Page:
Cancer is the second cause of mortality due to noncommunicable diseases in Colombia. In 2015 incident cases of breast (BC), gastric (GC), colorectal (CRC), and ovarian cancer (OC) attended at the Colombian National Cancer Institute (NCI) were 685, 498, 470, and 127, respectively. Although hereditary cancer syndromes are the minority of all cancer cases, the precise identification of individuals and relatives at high risk is a key aspect to the implementation of surveillance/screening, chemoprevention, and preventive surgery strategies for affected and unaffected carriers. In our country there are few studies conducted on hereditary cancer, and little is known about the spectrum of syndromes affecting Colombian families. In the Colombian NCI, we have designed and develop a comprehensive program for the registration, identification, diagnosis, management, and surveillance of cancer cases at high risk. Two main strategies where defined within this pilot program: 1) adjustment of the international protocols to the institutional context for identification and referral criteria of cancer patients with suspected syndrome to genetic counseling, genetic testing criteria, management, and surveillance, and 2) implementation of an institutional registry of patients with hereditary cancer, among other strategies. Also, first-degree relatives (FDR) of the affected carriers are offered to be tested and followed through the Center for Cancer Prevention and Early Detection (CPRED), recently established by the Colombian NCI. This Institutional ongoing program is providing genetic risk assessment to an average of 20 cancer patients per week since April 2018. The most frequent cancer we have attended is BC (56%), followed by CRC (10.5%), OC (6%), GC (5.5%), and others (22%). The average age at diagnosis was 47.3 for BC, 50.6 for CRC, 33.6 for OC, 39.4 for GC, and 47.8 years old (yo) for other cancers. Genetic testing has been offered to the patients according to the international guidelines. From all BC cases, the following fulfilled the Hereditary Breast and Ovarian Cancer (HBOC) criteria: i) 44.3% were diagnosed ≤ 45 yo, ii) 24% were diagnosed with triple-negative breast cancer (TNBC) at ≤ 60 yo, iii) 4% were TNBC cases diagnosed at > 60 yo + ≥ 1 FDR/second-degree relative with BC at < 50 yo, iv) 8% were patients with bilateral BC, v) 4% had a second primary tumor, and vi) 1.3% had Ashkenazi Jewish ancestry. From CRC cases, 50% were diagnosed at < 50 yo regardless of family history of gastrointestinal cancers and 30% were diagnosed at ≥ 50 yo and fulfilled criteria for Lynch or Li Fraumeni syndromes. In the case of GC, 60% of the patients had diffuse gastric cancer subtype at < 50 yo. Finally, all OC cases were submitted for genetic testing since all were diagnosed at < 50 yo; 43% were tested for HBOC since they corresponded to papillary serous subtype and 29% fulfilled criteria for Peutz Jeghers syndrome. To our knowledge, this is the first genetic cancer risk assessment program in the country, based in the largest Colombian cancer hospital.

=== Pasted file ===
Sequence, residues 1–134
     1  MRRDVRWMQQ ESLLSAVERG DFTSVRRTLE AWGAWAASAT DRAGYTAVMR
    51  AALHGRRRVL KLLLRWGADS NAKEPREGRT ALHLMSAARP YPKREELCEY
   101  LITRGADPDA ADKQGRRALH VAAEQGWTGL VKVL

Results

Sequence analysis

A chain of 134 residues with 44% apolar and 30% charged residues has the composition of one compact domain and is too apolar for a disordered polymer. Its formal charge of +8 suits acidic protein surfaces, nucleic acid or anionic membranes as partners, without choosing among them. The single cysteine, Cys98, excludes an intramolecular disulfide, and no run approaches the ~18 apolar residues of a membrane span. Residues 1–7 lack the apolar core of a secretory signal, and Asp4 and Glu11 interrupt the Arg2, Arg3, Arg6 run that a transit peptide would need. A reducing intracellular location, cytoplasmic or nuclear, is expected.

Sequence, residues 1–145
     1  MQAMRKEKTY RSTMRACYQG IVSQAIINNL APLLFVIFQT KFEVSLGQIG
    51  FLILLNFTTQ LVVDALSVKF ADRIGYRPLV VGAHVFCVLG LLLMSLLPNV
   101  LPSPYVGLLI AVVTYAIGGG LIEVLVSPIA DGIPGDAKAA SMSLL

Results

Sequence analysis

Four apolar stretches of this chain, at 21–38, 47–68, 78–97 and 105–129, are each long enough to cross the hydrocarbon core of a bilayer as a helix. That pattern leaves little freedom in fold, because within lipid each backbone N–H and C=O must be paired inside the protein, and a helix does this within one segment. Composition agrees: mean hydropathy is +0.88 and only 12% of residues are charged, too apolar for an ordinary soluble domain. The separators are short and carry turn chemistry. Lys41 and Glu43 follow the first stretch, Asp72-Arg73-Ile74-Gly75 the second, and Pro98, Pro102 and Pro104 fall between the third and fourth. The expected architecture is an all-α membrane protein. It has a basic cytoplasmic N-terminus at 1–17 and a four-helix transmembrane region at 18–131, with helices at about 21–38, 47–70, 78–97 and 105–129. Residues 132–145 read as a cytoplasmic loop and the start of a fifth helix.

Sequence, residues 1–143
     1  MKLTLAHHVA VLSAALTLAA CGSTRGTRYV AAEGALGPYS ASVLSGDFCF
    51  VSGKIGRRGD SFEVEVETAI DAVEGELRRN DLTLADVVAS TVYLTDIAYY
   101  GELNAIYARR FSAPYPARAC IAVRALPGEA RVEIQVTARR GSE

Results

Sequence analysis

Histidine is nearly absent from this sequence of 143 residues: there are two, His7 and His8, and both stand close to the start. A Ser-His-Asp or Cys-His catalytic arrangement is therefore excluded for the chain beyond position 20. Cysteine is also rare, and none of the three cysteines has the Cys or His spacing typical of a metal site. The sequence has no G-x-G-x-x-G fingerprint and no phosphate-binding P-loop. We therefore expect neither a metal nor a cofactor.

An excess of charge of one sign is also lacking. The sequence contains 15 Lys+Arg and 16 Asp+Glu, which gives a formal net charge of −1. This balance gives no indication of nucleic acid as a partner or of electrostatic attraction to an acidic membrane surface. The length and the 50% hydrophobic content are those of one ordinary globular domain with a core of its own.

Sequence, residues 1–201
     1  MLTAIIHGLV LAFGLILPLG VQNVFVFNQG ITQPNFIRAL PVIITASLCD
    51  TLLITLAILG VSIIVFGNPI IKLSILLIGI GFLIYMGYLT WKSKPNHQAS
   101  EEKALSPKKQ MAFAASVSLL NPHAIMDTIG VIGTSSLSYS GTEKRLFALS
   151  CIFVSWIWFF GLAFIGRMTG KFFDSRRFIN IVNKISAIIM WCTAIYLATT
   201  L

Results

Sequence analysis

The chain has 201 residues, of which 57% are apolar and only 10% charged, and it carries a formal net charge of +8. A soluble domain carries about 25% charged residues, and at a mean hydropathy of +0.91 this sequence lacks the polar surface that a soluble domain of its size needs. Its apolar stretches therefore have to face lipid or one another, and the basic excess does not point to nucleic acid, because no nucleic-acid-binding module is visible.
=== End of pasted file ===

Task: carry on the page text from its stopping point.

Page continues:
Citation Format: María Carolina Sanabria-Salas, Gonzalo Guevara-Pardo, Antonio Huertas, Vilma Medina, Ana Lucía Rivera-Herrera, Juan Carlos Mejía, Jesús Acosta, Carolina Wiesner-Ceballo. Program for the identification, management and monitoring of patients and families at high risk of cancer in a Colombian National Cancer Reference Institution [abstract]. In: Proceedings of the Eleventh AACR Conference on the Science of Cancer Health Disparities in Racial/Ethnic Minorities and the Medically Underserved; 2018 Nov 2-5; New Orleans, LA. Philadelphia (PA): AACR; Cancer Epidemiol Biomarkers Prev 2020;29(6 Suppl):Abstract nr A049.